I knew the time would come. When the gestation period is over for a pregnant woman, she must surely deliver. It does not matter how – whether through normal delivery or caesarian operation. June was all along like the pregnant woman. She was bound to be delivered.
On June 12, 2014, I had moved a motion at the National Conference that not only should June 12 be declared a national holiday and the real Democracy Day, but that Chief MKO Abiola and all the souls of the faithful departed who gallantly lost their lives fighting for the realisation of June 12 be remembered and immortalized. I demanded for one minute’s silence for those heroes. The leadership of the Conference, led by Justice Idris Legbo Kutigi, agreed with me and a minute’s silence was accordingly observed. The details of this can be found at pages 185 – 192 of my latest book, “Nigeria, We Hail Thee”. The original motion for special recognition of June 12 had been moved by Hon. Orok Duke.
I thank President Muhammadu Buhari for declaring June 12 Nigeria’s Democracy Day and honouring Chief MKO Abiola, and my late mentor, Chief Gani Fawehinmi, with the highest and second highest honours in Nigeria.
To me, it is not the right argument that PMB did it for political reasons. Yes, he may very well have done it to shore up his battered political image and fast dwindling democratic credentials. But, the inescapable fact is that he has done the right thing for which history will remember him. This is the more reason, I believe the argument should now go, why he should retire quietly to his Daura home, having done one great thing for which he would be remembered.
When Chief Olusegun Obasanjo wrote his scathing letter to PMB in December 2017, I applauded the letter for the import of its correct contents, even though I am not a fan of OBJ. I argued then that we should listen to the message and not look at the messenger. In the same vein here, we should look at the historical significance of PMB’s political master stroke on the June 12 brouhaha and not him as a person, or the ulterior motives for which he did it. I applaud him for this singular act that breathed fresh exhilarating oxygen into his tack luster performance.
Would Abiola and Gani have accepted these awards?
The argument of political pundits and critical voices should now turn to whether these honours, though well-deserved by Abiola and Gani, would have been accepted by them, given the prevailing atmosphere of morbid fear, executive rascality, recession of human rights, rule of law and civil liberties. The answer is a categorical “no”. Though well intended, even if for political reasons by PMB, I am convinced MKO and Gani would have outrightly rejected the national honours, if they were alive. I will give my reasons anon. This my write-up is shorn of all legal arguments as to whether PMB followed due process in making his declaration. This can be corrected immediately. Nothing good comes at a bad time, and nothing bad comes at a good time.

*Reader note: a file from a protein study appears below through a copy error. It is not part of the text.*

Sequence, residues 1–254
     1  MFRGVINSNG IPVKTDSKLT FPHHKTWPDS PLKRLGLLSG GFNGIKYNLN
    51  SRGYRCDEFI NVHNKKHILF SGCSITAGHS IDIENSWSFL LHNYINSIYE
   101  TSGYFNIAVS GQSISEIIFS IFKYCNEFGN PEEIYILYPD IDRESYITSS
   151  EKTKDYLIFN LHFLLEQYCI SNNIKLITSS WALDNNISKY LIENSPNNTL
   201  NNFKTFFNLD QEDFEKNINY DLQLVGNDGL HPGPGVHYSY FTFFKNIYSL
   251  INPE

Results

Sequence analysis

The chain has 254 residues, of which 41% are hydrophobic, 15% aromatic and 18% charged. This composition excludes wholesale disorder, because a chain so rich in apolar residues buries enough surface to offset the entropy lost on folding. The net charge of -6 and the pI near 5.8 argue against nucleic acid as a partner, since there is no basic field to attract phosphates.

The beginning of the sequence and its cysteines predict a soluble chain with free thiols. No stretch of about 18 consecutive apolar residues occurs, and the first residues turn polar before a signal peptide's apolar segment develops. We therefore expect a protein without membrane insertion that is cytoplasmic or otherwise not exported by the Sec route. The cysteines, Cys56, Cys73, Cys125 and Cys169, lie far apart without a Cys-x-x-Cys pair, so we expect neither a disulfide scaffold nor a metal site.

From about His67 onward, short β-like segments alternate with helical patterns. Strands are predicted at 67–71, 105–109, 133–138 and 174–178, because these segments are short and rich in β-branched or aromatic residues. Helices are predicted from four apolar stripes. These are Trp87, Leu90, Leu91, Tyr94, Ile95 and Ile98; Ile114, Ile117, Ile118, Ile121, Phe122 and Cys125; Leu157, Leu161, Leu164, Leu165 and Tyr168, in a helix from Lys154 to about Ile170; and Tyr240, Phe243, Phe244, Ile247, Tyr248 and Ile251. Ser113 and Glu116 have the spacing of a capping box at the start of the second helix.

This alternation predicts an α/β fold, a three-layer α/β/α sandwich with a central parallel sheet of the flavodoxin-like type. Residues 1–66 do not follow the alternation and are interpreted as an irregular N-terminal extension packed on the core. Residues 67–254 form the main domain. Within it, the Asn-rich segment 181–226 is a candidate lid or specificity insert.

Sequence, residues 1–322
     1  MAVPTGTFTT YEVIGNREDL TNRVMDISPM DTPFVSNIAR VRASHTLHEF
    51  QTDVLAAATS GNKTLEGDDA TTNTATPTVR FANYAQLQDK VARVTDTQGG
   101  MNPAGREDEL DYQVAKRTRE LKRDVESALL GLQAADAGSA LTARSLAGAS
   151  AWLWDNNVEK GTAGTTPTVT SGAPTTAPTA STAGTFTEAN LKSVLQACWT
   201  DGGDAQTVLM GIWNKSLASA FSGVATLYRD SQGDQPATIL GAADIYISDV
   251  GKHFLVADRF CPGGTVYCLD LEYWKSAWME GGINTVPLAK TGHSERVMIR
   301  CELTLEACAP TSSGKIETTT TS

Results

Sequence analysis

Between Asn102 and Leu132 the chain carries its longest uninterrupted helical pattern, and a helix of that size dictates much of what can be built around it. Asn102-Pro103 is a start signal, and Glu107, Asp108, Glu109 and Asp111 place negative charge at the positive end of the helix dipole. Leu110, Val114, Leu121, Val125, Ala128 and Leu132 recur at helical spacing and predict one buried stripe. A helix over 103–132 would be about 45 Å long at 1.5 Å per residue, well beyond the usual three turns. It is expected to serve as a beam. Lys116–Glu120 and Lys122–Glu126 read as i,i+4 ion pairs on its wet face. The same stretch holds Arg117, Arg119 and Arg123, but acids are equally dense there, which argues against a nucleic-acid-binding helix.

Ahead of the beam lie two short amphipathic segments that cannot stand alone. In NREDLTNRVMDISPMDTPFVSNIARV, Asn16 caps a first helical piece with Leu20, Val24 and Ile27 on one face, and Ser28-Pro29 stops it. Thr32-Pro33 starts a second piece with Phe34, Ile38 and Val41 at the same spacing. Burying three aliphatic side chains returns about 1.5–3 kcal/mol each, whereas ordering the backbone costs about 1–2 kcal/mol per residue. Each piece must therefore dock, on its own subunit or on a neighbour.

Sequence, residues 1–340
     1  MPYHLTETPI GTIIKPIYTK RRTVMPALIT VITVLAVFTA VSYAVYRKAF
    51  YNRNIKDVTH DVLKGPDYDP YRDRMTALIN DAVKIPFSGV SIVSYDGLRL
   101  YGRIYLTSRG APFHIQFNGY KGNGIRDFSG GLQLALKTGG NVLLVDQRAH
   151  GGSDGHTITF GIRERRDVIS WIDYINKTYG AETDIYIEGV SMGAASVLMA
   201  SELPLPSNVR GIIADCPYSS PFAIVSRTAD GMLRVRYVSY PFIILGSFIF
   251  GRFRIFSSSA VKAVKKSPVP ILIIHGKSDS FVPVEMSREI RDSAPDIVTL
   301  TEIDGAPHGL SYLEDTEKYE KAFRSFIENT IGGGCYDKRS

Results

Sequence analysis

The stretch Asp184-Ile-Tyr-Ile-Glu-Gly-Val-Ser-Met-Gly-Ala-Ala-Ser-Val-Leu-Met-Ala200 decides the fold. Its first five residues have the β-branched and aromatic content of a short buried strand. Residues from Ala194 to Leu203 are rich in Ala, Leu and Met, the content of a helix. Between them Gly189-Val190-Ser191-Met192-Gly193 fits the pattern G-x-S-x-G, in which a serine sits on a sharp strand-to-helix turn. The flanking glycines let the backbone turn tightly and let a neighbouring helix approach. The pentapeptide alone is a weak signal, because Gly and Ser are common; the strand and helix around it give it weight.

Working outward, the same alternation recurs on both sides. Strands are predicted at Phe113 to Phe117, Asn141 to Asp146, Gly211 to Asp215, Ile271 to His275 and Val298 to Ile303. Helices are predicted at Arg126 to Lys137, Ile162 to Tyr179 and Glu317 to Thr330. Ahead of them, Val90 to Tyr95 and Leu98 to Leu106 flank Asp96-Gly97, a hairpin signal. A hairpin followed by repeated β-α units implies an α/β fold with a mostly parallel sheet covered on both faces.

On December 14, 2008, barely nine months before his death, Chief Gani outrightly rejected the national honour of OFR (Officer of the Federal Republic of Nigeria), bestowed on him by the then President, Umaru Musa Yar’Adua. In rejecting the honour and giving his reasons, Gani said, inter alia:
“Today I am 70 years and eight months old. I am struck down by lung cancer for which I have been receiving medical treatment outside my country because my country Nigeria has one of the poorest medical services in the world but is one of the richest countries in the world in terms of revenue.”
Question: has anything changed? Answer: “No”. Even PMB has himself been receiving medical treatment in London, outside Nigeria. Deprecating the poor socio-economic and political situation in the country, Gani was emphatic that: “whether now or in the life beyond, how can I wake up in the morning and look at the insignia of honour bestowed on me under a government that persecutes …Nuhu Ribadu?” (Whom he believed did a great job on the anti-corruption fight).
Does this government not persecute political opponents, opposition and critical voices? Answer: yes. This government is intolerant of opposition and plurality of voices or opinions.
Gani had continued:
“A government that covertly and overtly encourages corruption has no honour in its arsenal of power to dispense honour. Consequently, I reject the dishonor of OFR termed ‘honour’ given to me by the Federal Government … I wish to reiterate that, in all ramifications of human existence, the masses have found themselves in the doldrums of pain occasioned by gross mis-governance of the country … the decadent socio-economic situation does not engender the well being of ordinary people and there is no hope in sight. In view of the foregoing, I reject the award of OFR.”
The question is whether anything has changed for the better since December 15, 2008, when Gani, in rejecting the Yar’Adua national honour, listed eight critical areas the then government had failed. I am afraid, nothing has changed. The situation has rather gotten worse. The areas Gani had listed included “the abolition of poverty from the face of the country, the unqualified need to preserve, defend and protect the fundamental human rights; the governance of our country through democratic process; the subjection of everybody and everything to and under the rule of law; the right of the people to free and qualitative education at all levels; the right of the people to free and qualitative health services and facilities; the strengthening of our economy through sound development of infrastructures and corruption” (holistic and all-embracing fighting of same, without discrimination).